Abuse of rights in EU VAT - The Court’s tool to introduce a new general principle of EU Law

University essay from Lunds universitet/Juridiska institutionen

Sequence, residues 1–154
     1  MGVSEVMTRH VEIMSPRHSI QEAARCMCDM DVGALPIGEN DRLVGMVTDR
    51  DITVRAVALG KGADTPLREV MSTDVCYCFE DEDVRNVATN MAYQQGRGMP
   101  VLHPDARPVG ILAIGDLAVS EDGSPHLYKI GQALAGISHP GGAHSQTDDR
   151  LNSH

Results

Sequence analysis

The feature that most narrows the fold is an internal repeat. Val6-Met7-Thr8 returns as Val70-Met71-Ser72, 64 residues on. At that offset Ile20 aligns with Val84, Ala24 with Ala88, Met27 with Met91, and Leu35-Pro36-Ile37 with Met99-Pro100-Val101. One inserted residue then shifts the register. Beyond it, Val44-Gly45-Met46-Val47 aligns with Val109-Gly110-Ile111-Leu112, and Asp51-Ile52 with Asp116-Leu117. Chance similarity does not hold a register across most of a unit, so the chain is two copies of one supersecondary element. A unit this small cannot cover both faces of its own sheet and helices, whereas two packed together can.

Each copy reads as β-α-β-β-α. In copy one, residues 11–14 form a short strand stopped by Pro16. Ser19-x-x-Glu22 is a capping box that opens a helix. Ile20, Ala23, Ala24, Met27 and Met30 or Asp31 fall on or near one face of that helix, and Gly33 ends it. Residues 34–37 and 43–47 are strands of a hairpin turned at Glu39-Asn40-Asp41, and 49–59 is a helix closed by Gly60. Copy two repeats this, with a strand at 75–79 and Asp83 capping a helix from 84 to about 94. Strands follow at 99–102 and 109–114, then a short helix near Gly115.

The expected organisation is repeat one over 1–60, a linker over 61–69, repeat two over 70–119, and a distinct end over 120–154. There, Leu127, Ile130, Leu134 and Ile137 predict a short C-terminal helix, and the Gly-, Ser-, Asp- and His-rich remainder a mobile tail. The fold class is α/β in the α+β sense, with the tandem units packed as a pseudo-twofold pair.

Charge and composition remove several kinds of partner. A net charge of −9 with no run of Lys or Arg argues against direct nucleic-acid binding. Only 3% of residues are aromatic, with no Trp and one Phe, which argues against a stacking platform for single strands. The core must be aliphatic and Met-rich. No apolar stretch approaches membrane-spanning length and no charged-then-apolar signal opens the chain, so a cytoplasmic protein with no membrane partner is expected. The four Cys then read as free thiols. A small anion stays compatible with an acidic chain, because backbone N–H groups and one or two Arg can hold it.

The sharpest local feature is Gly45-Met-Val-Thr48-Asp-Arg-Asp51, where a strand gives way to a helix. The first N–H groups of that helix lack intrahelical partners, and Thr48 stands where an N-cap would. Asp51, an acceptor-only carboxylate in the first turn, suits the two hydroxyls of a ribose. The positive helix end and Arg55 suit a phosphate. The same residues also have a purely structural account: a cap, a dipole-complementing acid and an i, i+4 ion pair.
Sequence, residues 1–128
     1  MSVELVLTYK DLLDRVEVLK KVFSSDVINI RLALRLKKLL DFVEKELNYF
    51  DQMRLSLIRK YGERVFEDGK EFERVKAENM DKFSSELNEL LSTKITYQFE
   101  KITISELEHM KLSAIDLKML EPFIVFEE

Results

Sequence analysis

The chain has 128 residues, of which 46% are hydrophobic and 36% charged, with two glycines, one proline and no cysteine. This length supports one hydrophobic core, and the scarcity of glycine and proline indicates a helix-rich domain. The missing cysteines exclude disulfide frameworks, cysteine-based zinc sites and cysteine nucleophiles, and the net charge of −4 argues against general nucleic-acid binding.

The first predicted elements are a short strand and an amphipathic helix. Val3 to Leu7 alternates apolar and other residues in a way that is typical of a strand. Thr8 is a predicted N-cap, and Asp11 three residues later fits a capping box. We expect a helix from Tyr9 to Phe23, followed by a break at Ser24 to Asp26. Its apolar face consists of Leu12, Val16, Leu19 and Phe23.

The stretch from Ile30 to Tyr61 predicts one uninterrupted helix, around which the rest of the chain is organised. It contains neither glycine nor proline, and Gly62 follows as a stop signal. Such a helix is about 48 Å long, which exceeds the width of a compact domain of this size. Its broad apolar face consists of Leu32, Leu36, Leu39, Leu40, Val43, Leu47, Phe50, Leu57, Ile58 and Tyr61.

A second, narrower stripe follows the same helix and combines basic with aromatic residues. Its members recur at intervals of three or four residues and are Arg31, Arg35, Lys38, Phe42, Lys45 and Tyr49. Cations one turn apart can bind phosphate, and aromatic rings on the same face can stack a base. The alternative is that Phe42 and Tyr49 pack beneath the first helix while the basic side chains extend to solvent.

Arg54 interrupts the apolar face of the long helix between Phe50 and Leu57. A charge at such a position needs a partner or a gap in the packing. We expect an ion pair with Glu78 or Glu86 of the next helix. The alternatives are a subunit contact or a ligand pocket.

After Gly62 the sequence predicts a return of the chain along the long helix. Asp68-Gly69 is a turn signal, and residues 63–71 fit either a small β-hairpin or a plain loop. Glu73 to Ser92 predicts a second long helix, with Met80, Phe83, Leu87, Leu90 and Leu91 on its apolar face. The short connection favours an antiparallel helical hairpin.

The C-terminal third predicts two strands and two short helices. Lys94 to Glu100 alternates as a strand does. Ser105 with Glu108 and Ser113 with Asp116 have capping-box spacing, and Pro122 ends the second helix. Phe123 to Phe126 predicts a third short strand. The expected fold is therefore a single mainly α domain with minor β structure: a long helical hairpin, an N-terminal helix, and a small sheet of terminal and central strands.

Abstract: The principle of prohibition of abuse of EU law has developed throughout a variety of areas of EU law, but has for the last few years most specifically evolved into an overriding principle through the field of EU VAT. The questions that have arisen along the lines of the Court’s interpretation mainly assess the relation with legal certainty and the division of powers. When looking at the cases of Maks Pen and Italmoda without prior engagement in the abuse of rights doctrine, one is inclined to question its compliance with these core principles underpinning the EU legal order. However, by the Court’s gradual extension of the scope of the principle of prohibition of abuse of EU law, through Halifax and Kofoed, the current scope of application has become defendable to a certain extent. The Court appears to have struck the balance right between legal certainty and the needs of the Internal Market in general, although the case in Italmoda must be considered to be a flaw within that process. When looking at the principle from a notional standpoint, one cannot conclude differently than that it has ascended to a level of constitutional value. The principle of non-abuse possesses the elements academically designated to general principles of EU law. However, the full and direct application against individuals appears to still be a bridge too far at this time, due to a remaining lack of unified recognition in all layers of the EU legal order.

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